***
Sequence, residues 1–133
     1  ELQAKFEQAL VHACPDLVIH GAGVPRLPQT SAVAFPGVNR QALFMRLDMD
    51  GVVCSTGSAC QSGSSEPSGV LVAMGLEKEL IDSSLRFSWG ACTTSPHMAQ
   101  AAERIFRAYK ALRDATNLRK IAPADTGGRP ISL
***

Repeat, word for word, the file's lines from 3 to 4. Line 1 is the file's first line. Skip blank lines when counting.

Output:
    51  GVVCSTGSAC QSGSSEPSGV LVAMGLEKEL IDSSLRFSWG ACTTSPHMAQ
   101  AAERIFRAYK ALRDATNLRK IAPADTGGRP ISL